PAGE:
Category: (3)

We are a nation of DIY enthusiasts and we have splashed out a total of £48bn doing up our homes over the last five years – an average of £8,000 each. The most popular changes are redecorating (72%), adding new flooring (42%), landscaping the garden (40%), and a bathroom refresh (34%).

1. Redecorating and easy upgrades

Redecorating is the most popular home improvement; for a relatively low cost, you can give your home a lick of paint and do some general upkeep. Fresh paint in modern colours can go a long way to giving your home a new lease of life.

2. Makeover the kitchen

Potential buyers often put a lot of their focus on the look and feel of a kitchen, and it may be the first thing they look to replace if they’re not satisfied with what is already installed. Painting units or replacing cupboard handles or doors are a cost-effective way of giving your kitchen a noticeable refresh without spending too much money.

3. Adding or updating a bathroom

In the bathroom, replacing tiles and re-grouting, eliminating all lime scale and replacing taps are all options worth considering. Bathrooms need to be fresh and clean, so make sure the walls are a neutral shade, and ideally replace a shower curtain with a new one or a simple glass screen. Pinterest is a great platform to find ideas and inspiration.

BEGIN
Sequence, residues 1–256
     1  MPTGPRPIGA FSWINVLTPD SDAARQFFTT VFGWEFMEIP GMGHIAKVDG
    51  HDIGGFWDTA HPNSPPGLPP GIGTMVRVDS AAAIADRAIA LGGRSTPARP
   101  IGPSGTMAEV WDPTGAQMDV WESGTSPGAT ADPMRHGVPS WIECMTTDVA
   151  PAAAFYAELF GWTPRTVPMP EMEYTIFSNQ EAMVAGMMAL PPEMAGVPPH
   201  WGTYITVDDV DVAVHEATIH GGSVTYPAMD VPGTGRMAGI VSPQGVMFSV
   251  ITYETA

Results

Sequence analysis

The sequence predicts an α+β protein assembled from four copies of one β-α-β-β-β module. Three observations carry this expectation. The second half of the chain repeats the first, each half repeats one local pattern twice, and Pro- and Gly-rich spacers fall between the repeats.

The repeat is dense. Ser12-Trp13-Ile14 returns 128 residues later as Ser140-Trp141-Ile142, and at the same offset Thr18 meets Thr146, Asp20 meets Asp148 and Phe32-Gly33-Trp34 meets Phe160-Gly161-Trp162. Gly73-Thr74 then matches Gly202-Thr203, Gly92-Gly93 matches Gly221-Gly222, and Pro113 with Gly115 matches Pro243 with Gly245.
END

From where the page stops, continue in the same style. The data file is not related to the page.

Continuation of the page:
4. Garden appeal

A tidy and well-designed garden is an attractive selling point for any property. Before any viewings, trim the borders, clear the pathways and cut back any overgrown trees or bushes.

5. Double glaze the windows

Double glazing is an essential for many house hunters; it will keep the home warm and keep the noise out, even if it’s near a main road.

6. Open space

Open living space is hugely popular, particularly for the kitchen and dining room. Combining the two into one large room creates a great sociable space and is perfect for families. However, it’s important to remember that many homeowners still enjoy the ‘front room philosophy’ that can be used for special occasions or for privacy by the adults.

7. Replace doors

The front of your home can say a lot about the rest of the house to viewers seeing it for the first time. By replacing or sprucing up the front door, you will give potential buyers a great first impression.

8. Convert the loft

A loft conversion is a more expensive improvement, yet it offers a great return on investment. Most lofts can be easily converted and expanding the house upwards offers homeowners an extra bedroom for growing families, or space for extra storage.

Sometimes, it’s worth getting a professional valuer to visit you at your home to give some simple advice as to what areas could be focused upon to help sell your home, or add value. It’s also useful to know what ceiling price is achievable so as to ensure you don’t overspend. Mount & Minster offer this service free of charge. Contact us for further information.

The popularity of detached homes in the East Midlands has increased over the last decade. Most local home-movers aspire to either continue to live in a detached property, or to own one for the first time. The average price of this type of property is set to rise further.